Inferno: Canto III
"Through me the way
is to the city dolent;
me the way is to eternal dole;
Through me the way among the people lost.
Justice incited my
me divine Omnipotence,
The highest Wisdom and the primal Love.
Before me there
were no created things,
eterne, and I eternal last.
All hope abandon, ye who enter in!"
These words in
sombre colour I beheld
upon the summit of a gate;
Whence I: "Their sense is, Master, hard to me!"
And he to me, as
all suspicion needs must be abandoned,
All cowardice must needs be here extinct.
We to the place
have come, where I have told thee
shalt behold the people dolorous
Who have foregone the good of intellect."
And after he had
laid his hand on mine
joyful mien, whence I was comforted,
He led me in among the secret things.
complaints, and ululations loud
through the air without a star,
Whence I, at the beginning, wept thereat.
of anger, words of agony,
And voices high and hoarse, with sound of hands,
Made up a tumult
that goes whirling on
ever in that air for ever black,
Even as the sand doth, when the whirlwind breathes.
And I, who had my
head with horror bound,
"Master, what is this which now I hear?
What folk is this, which seems by pain so vanquished?"
And he to me: "This
the melancholy souls of those
Who lived withouten infamy or praise.
Commingled are they
with that caitiff choir
Angels, who have not rebellious been,
Nor faithful were to God, but were for self.
expelled them, not to be less fair;
them the nethermore abyss receives,
For glory none the damned would have from them."
And I: "O Master,
what so grievous is
these, that maketh them lament so sore?"
He answered: "I will tell thee very briefly.
These have no
longer any hope of death;
this blind life of theirs is so debased,
They envious are of every other fate.
No fame of them the
world permits to be;
and Justice both disdain them.
Let us not speak of them, but look, and pass."
And I, who looked
again, beheld a banner,
whirling round, ran on so rapidly,
That of all pause it seemed to me indignant;
And after it there
came so long a train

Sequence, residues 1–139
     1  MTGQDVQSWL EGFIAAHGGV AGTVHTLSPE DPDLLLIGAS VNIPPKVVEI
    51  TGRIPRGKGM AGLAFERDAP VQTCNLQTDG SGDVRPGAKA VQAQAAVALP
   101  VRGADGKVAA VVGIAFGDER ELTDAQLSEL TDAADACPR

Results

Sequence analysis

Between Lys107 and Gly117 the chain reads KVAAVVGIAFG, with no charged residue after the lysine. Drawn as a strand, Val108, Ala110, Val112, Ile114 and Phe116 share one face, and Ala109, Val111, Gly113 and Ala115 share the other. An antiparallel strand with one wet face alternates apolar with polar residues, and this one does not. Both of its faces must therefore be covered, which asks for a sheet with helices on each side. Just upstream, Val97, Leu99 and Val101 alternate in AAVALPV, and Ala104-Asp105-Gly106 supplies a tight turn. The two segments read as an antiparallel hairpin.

people, that I ne'er would have believed
That ever Death so many had undone.
When some among
them I had recognised,
looked, and I beheld the shade of him
Who made through cowardice the great refusal.
comprehended, and was certain,
this the sect was of the caitiff wretches
Hateful to God and to his enemies.
who never were alive,
naked, and were stung exceedingly
By gadflies and by hornets that were there.
These did their
faces irrigate with blood,
with their tears commingled, at their feet
By the disgusting worms was gathered up.
And when to gazing
farther I betook me.
I saw on a great river's bank;
Whence said I: "Master, now vouchsafe to me,
That I may know who
these are, and what law
them appear so ready to pass over,
As I discern athwart the dusky light."
And he to me:
"These things shall all be known
thee, as soon as we our footsteps stay
Upon the dismal shore of Acheron."
Then with mine eyes
ashamed and downward cast,
my words might irksome be to him,
From speech refrained I till we reached the river.
And lo! towards us
coming in a boat
old man, hoary with the hair of eld,
Crying: "Woe unto you, ye souls depraved!
Hope nevermore to
look upon the heavens;
come to lead you to the other shore,
To the eternal shades in heat and frost.
And thou, that
yonder standest, living soul,
thee from these people, who are dead!"
But when he saw that I did not withdraw,
He said: "By other
ways, by other ports
to the shore shalt come, not here, for passage;
A lighter vessel needs must carry thee."
And unto him the
Guide: "Vex thee not, Charon;
is so willed there where is power to do
That which is willed; and farther question not."
quieted the fleecy cheeks
him the ferryman of the livid fen,
Who round about his eyes had wheels of flame.
But all those souls
who weary were and naked
colour changed and gnashed their teeth together,
As soon as they had heard those cruel words.
God they blasphemed
and their progenitors,
human race, the place, the time, the seed
Of their engendering and of their birth!
together they drew back,
weeping, to the accursed shore,
Which waiteth every man who fears not God.
Charon the demon,
with the eyes of glede,
to them, collects them all together,
Beats with his oar whoever lags behind.
As in the
autumn-time the leaves fall off,
one and then another, till the branch
Unto the earth surrenders all its spoils;
In similar wise the
evil seed of Adam
themselves from that margin one by one,
At signals, as a bird unto its lure.
So they depart
across the dusky wave,
ere upon the other side they land,
Again on this side a new troop assembles.
"My son," the
courteous Master said to me,
those who perish in the wrath of God
Here meet together out of every land;
And ready are they
to pass o'er the river,
celestial Justice spurs them on,
So that their fear is turned into desire.
This way there
never passes a good soul;
hence if Charon doth complain of thee,
Well mayst thou know now what his speech imports."
finished, all the dusk champaign
so violently, that of that terror
The recollection bathes me still with sweat.
The land of tears
gave forth a blast of wind,
fulminated a vermilion light,
Which overmastered in me every sense,
And as a man whom
sleep hath seized I fell.
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